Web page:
In September, Global Justice Ecology Project and the Campaign to STOP GE Trees organized an action at the world headquarters of ArborGen resulting in two arrests.  The aim of the action was to expose ArborGen’s refusal to divulge information about plans to commercialize their GE loblolly pines, which the USDA said could move forward with no environmental or social impact review and no public input.  The action also highlighted the growing public opposition to GE trees.

In 2015 alone, more than a quarter of a million people signed on to reject genetically engineered trees and protests took place on 6 continents.

After the action, ArborGen made their first public statement about their work on GE loblolly pines and other GE trees in a local paper.  In it, they argued that they were not working on GE loblolly pines and had “no plans…right now” to offer GE products.

In light of the recent lawsuit, however, these claims are coming under increased scrutiny.  “If they lie to their employees, why wouldn’t they lie about their plans to release GE trees?” asked stated Ruddy Turnstone, GE Tree Campaigner for Global Justice Ecology Project and Steering Committee member of the international Campaign to STOP Genetically Engineered Trees.  “The US government, for example, lists two active ArborGen GE loblolly pine field trials in South Carolina and Georgia.”

ArborGen is also developing freeze-tolerant GE eucalyptus trees, which are being trialed across six Gulf Coast states. In 2011 ArborGen submitted a petition to the USDA requesting permission to commercially sell this GE eucalyptus, prompting an Environmental Impact Statement, which has yet to be released to the public.  On November 18th, the USDA’s Animal Plant Health Inspection Service (APHIS) announced that the US Fish and Wildlife Service was evaluating this EIS.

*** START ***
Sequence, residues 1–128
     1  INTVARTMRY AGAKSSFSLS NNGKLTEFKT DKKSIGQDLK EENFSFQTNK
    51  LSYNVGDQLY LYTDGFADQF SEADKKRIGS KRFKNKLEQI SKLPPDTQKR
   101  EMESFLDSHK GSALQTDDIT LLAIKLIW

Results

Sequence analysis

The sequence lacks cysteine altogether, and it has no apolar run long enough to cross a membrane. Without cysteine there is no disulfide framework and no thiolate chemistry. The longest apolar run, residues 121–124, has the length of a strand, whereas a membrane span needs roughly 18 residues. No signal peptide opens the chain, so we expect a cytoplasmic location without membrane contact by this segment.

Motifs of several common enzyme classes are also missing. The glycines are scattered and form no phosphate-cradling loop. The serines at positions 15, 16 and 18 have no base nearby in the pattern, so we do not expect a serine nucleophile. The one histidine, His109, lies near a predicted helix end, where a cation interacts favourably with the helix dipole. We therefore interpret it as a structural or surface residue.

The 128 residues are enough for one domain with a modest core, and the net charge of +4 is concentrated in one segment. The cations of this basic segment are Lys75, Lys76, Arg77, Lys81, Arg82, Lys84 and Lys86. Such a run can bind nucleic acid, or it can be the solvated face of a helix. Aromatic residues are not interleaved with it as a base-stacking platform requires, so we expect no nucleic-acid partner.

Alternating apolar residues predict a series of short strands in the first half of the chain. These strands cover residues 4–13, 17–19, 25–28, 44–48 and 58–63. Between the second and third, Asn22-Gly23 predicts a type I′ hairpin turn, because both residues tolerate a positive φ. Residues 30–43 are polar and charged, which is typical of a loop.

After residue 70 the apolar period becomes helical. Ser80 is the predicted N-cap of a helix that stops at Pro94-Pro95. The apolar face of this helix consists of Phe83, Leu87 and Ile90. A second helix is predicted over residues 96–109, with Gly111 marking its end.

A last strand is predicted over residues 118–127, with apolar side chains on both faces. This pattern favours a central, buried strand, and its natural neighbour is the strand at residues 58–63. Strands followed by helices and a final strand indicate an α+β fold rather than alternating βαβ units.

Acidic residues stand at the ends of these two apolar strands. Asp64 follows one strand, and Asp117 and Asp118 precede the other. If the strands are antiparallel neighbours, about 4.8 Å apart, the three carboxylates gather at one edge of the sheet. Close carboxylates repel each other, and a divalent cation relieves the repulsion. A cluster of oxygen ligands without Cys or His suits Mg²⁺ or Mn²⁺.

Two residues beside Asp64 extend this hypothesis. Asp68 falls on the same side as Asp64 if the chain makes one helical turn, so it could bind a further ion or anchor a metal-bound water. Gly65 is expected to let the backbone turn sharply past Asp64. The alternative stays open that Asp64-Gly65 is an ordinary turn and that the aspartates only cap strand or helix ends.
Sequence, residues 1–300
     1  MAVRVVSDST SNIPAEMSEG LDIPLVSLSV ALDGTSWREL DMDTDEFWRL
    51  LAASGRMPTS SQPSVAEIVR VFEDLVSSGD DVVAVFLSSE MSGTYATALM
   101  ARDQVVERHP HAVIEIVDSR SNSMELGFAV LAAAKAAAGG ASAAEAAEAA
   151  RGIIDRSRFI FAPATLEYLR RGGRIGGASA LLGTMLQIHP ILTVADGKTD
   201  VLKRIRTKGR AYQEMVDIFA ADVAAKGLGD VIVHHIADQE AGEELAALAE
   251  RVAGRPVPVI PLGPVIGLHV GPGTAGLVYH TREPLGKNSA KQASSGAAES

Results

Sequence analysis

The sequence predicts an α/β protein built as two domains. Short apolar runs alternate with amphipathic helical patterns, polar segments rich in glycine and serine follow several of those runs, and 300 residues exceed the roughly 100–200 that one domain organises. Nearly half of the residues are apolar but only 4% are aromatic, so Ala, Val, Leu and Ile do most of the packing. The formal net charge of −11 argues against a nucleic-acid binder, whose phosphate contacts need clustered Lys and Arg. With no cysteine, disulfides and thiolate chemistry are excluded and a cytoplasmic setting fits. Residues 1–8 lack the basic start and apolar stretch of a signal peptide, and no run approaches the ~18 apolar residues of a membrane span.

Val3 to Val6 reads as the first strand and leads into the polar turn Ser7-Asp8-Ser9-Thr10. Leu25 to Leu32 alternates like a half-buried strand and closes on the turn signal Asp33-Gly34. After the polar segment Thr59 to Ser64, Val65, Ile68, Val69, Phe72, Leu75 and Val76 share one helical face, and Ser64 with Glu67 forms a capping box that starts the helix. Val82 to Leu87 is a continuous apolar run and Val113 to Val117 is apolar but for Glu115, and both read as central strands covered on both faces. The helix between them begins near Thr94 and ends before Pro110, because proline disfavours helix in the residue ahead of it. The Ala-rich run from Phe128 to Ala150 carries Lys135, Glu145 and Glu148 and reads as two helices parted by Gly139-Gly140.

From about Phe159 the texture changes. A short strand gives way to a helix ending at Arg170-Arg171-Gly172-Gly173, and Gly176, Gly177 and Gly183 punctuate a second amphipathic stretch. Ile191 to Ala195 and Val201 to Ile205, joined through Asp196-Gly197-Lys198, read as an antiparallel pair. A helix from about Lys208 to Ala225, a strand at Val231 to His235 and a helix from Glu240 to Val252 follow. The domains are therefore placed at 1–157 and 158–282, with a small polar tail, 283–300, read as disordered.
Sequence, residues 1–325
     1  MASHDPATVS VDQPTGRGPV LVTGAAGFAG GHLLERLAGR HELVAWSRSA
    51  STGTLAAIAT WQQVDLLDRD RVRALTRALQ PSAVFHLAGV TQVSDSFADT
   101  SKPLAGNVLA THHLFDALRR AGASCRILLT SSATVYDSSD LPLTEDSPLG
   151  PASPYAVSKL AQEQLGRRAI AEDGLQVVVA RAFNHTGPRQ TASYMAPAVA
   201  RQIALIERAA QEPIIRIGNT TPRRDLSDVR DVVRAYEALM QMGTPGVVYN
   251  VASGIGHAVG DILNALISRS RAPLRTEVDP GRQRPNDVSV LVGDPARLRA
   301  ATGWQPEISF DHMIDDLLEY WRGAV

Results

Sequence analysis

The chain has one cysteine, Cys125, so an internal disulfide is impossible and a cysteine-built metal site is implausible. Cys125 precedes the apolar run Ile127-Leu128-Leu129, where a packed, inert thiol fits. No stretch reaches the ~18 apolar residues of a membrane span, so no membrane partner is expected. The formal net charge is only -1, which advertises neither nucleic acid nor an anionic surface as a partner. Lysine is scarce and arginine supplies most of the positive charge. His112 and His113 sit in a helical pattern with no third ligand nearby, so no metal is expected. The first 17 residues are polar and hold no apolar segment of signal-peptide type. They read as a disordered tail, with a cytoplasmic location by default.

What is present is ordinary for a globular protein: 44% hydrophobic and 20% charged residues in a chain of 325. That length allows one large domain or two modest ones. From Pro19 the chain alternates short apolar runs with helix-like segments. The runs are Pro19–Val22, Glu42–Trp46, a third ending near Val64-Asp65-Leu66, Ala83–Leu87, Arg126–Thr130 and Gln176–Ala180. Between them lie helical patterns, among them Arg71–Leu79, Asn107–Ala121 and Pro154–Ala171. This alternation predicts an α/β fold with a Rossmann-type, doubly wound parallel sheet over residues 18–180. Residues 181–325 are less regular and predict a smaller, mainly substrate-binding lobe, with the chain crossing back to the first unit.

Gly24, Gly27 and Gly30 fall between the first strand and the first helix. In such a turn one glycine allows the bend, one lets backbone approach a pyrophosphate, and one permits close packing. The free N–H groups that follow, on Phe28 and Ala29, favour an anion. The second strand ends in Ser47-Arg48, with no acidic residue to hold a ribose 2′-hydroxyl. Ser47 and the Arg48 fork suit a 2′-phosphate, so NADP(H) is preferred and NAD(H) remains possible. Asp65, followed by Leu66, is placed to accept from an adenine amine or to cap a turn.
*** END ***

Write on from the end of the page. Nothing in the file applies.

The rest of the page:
In a statement to shareholders, Rubicon CEO Luke Moriarty (a defendant in the lawsuit) said ArborGen plans to sell half a billion of these GE eucalyptus every year for plantations from South Carolina to Texas. ArborGen keeps the locations of their GE trees secret and refuses to provide information about them to the public.

In December, MeadWestvaco, another co-founder of ArborGen, dropped the charges against the protesters than face a jury trial. ArborGen’s world headquarters are situated on MeadWestvaco land.

ArborGen claims their GE trees are safe and will have no environmental impact.  But GE eucalyptus trees, for example, are not only prone to be invasive, they are explosively flammable–leading Jim Hightower to call them “living firecrackers.”  They have also been likened to “flammable kudzu.”  They are not native to this hemisphere and wildlife cannot use them.  In Brazil eucalyptus plantations are called “Green Deserts” because nothing can live in them.

GE tree opponents promise to continue to increase the heat in 2016.  People can sign on to the petition against GE trees here.

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Anne Petermann is the Executive Director, Global Justice Ecology Project and the Coordinator of the International Campaign to STOP GE Trees.  She has been working on the problem of GE trees since first learning of them in 1999.